A rainstorm of epic proportions accompanied us on our way to the finish line. I couldn’t believe it; and yet, of course I could. It only made sense that this was how it would end. We finished.
We had one last bit of drama before getting there. Our tuk-tuk wouldn’t start. So we rolled it down the hill, apparently the only one-way road in all of India, where people actually cared that you were driving the wrong direction. So amidst people screaming at us, rolling downhill with no power against oncoming traffic and torrential rain absolutely unsafe, halfway down, we were able to pop the clutch to get our rickshaw running again. Derek was the boss. We were close to being done, and I don’t think I’d ever admired him as much as I admired him at that moment. I was directing us to our destination. DaveRisner was providing encouragement. We were an incredibly good team. From one hairpin turn after another, weaving in and out of traffic — cars, trucks, other tuk tuks, dogs and people providing obstacles through our very own Frogger racetrack — and soon losing a GoPro, we finally found the polo grounds where the finish line stood.
We made it. And just like that it was over. We couldn’t believe it!
After the laughter had died down, pictures in front of our rickshaw taken, and a bottle of beer was opened, I was alone in the middle of a crowd of racers wondering where Derek was, while DaveRisner was bouncing around taking pictures of everything giving his unique commentary on what he was seeing. In a magical world, where everything was a surprise and where everything though unexpected and surprising, was welcomed, DaveRisner was the most magical creature of all. And yet, I wondered where Derek was.
“He’s by our rickshaw!” DaveRisner bellowed from his perch.
Looking in the direction of our wheels for the past two weeks, I didn’t see him. It was still raining extremely hard, visibility at a minimum and the air extremely wet and cold, a far cry from our days of oppressive heat we had experienced just a few days before.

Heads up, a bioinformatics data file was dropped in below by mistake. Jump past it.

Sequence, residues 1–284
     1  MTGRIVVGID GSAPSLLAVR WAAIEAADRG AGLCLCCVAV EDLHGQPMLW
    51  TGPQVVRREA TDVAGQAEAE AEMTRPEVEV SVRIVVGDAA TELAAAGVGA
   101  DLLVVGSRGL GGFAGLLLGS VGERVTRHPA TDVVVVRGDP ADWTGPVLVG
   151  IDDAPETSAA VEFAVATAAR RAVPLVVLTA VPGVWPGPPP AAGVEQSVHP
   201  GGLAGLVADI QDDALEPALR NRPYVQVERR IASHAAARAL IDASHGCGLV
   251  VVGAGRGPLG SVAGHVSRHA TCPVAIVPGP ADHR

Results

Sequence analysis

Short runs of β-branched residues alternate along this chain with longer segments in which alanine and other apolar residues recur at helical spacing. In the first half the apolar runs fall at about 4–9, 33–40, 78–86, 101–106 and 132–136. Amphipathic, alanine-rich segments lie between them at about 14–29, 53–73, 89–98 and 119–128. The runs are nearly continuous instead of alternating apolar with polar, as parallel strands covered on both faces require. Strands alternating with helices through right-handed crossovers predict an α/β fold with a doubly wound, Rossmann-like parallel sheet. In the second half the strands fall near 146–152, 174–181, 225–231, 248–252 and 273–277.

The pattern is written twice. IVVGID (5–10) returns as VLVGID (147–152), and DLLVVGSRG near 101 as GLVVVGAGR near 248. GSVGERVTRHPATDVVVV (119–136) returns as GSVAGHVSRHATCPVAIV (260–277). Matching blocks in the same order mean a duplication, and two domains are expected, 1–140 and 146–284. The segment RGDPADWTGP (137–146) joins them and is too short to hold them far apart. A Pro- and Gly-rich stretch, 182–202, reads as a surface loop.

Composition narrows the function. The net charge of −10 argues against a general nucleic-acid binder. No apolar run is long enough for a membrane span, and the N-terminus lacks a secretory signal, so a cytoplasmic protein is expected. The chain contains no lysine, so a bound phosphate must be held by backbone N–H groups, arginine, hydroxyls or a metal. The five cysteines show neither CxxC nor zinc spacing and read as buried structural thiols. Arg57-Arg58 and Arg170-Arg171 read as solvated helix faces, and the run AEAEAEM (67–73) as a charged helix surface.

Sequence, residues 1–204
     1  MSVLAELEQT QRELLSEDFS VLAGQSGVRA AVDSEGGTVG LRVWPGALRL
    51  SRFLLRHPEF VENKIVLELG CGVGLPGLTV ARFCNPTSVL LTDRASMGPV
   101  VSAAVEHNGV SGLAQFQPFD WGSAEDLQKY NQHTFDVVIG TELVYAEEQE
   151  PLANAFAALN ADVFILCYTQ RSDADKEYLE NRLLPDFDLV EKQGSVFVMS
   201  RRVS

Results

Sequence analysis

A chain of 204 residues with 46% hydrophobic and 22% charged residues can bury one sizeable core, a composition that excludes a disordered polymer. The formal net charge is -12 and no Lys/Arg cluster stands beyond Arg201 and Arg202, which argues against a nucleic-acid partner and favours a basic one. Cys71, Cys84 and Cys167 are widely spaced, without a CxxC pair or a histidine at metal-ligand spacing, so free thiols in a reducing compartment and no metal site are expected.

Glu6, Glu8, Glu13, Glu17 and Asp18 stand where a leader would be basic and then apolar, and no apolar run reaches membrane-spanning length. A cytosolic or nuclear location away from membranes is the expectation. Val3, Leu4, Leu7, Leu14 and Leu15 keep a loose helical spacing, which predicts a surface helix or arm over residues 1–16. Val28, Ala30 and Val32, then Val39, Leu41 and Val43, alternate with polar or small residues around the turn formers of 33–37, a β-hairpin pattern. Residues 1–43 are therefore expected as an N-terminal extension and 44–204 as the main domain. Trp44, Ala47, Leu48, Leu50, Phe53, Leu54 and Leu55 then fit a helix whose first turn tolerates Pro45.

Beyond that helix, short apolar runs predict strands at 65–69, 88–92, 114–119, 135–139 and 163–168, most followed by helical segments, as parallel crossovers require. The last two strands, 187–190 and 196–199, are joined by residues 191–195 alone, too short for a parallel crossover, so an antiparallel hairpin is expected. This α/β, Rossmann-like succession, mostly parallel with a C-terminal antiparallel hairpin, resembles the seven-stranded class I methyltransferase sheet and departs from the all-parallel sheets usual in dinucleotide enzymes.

After a few minutes, Derek came into view.
“Just had a few words with Tucker.”
He had tears streaming down his face.
We embraced. “Tucker was with us the entire time, bro. We couldn’t have done this without him.” I thought of how we had put our lives in the hands of our buddy. Derek drove 75% of the entire journey, maybe more. His strength throughout it all was the stuff of legend. There were times it wasn’t pleasant, but we appreciated every moment of it. He had dropped himself into our embrace, the weight of the race finally off his shoulders, left with only what was important.
A painting of Tucker adorned one side of our rickshaw, the side Derek no doubt kneeled down to, for his prayer and his talk with him in heaven. A painting of Taylor adorned another side of the rickshaw; and Bella took a spot in the rear.
After twelve days of a 3100 km journey that took us from one end of India to another — Jaisalmer to Shillong — with adventures that could fill any lifetimes of adventures, that moment said it all.
RIP Tucker Bear. Thanks, we couldn’t have done it without you looking down from above.
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